Listen & Learnby Judy Cintron - Director of Restoration | Real Life Ministries Texas, Tomball, TX
How can one person have hundreds of “best friends”?
I have had and do have individuals in my life that impact people powerfully. When you hear others speak of those individuals, they use language that would seem they are best friends. These highly relational people leave their mark dynamically on those they come in contact with and can make someone feel as though they are important or even special. I try to be that person and emulate those qualities that leave others feeling as those they are loved. Not for any reason other than God wants them to experience the Love that HE has for them. These relationally powerful people should inspire all of us to better conduit the love of Christ to others.
Over the years I have made observations about some of those qualities. In this post my desire is not to be all encompassing. My desire is to illustrate what I believe is one, if not the most important attribute that leaves people feeling as though they are loved, cared for and noticed. That quality is listening. Listening with the intent to understand helps not only us learn about them, we also can learn something about ourselves. We value people by leaving them with a small but powerful gift, the gift of…being heard.
The art of asking questions was modeled in a deep and powerful way by Jesus. Jesus asked great questions. As a matter of fact, in the Gospels Jesus asks more than 300 questions. He is asked 183 questions of which he only answers 3 questions directed at him. Jesus knew the answers. Instead of answering, Jesus modeled how asking questions keeps people engaged and helps them gain insight into their belief systems and current state of mind. Questions promote reflection. Questions open doors of curiosity that help people feel heard and cared for. Jesus modeled this with an inspiring consistency.
I am not a licensed counselor, nor do I have any special certifications. I am just a Christ follower who loves God and loves people. I am on staff at a church that values time spent in relationship with people. My pastor has is another person that has taught me about the art of asking good questions and listening with the intent to understand. Here are two top things to I would encourage you to remember when interacting with others:
- STAY DISCIPLINED AND CURIOUS
I must stay very disciplined and curious. After someone has shared their story, I might make a comment like: I heard you say, or can you tell me more about that? How did that make you feel when that happened, is another example of a curious question? When they wrestle with questions it allows them to gain clarity, define the problem, and contemplate why the problem exists.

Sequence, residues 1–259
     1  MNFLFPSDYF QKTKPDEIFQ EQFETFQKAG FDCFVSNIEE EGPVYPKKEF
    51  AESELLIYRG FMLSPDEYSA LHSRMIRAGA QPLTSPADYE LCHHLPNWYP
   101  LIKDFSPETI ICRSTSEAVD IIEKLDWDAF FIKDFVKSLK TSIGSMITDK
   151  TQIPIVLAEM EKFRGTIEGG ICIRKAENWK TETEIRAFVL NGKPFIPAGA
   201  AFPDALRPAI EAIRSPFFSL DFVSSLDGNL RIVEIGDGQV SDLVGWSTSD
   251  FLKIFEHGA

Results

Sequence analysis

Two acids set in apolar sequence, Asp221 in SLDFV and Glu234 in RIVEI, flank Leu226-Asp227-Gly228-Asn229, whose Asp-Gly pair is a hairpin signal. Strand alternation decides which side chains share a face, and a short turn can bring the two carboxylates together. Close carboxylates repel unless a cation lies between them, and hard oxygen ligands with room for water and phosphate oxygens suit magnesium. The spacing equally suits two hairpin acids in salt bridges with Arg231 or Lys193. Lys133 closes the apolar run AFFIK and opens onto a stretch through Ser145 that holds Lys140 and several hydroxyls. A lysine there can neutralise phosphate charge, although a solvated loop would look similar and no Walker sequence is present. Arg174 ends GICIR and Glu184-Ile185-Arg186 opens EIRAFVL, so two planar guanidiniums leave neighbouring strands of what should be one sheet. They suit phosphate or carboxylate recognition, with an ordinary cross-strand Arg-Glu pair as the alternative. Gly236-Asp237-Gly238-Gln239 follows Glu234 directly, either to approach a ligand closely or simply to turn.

- WHAT DO YOU WANT?
Jesus asked the question what do you want? I often ask that question at the end of my first conversation with someone. I let them tell me what they want out of these meetings. That way I can determine where they are in their own position on a given topic. Are they stuck in a place of grumbling and complaining? Has bitterness overwhelmed them? Maybe they are filled with fear to forgive and move on? Regardless of where they are as a disciple maker I need to allow them to voice what they want so I can understand how to best come along-side them.Here are some other questions I have learned to ask that has opened the door to powerful conversations along with helping people feel cared for and that you are curious about them.
- Where do you see God working in your life right now?
- What is God teaching you?
- How long have you struggled with this issue?
- How can I come along side you in your walk with Jesus?
- What are you most grateful for right now in your life?
I spend a lot of time with people who are struggling with some hard stuff. It could seem like a daunting task, but because I have learned the art of asking good questions, I see it as a privilege and an honor to help them navigate hard things. So next time you sit down to a meeting with someone or walk into a busy room pause and get curious. I encourage you to model what my friend did for me and you will most likely build healthier relationships and learn something new. Hey, they might even learn something about themselves.
by Judy Cintron – Director of Restoration
Real Life Ministries Texas
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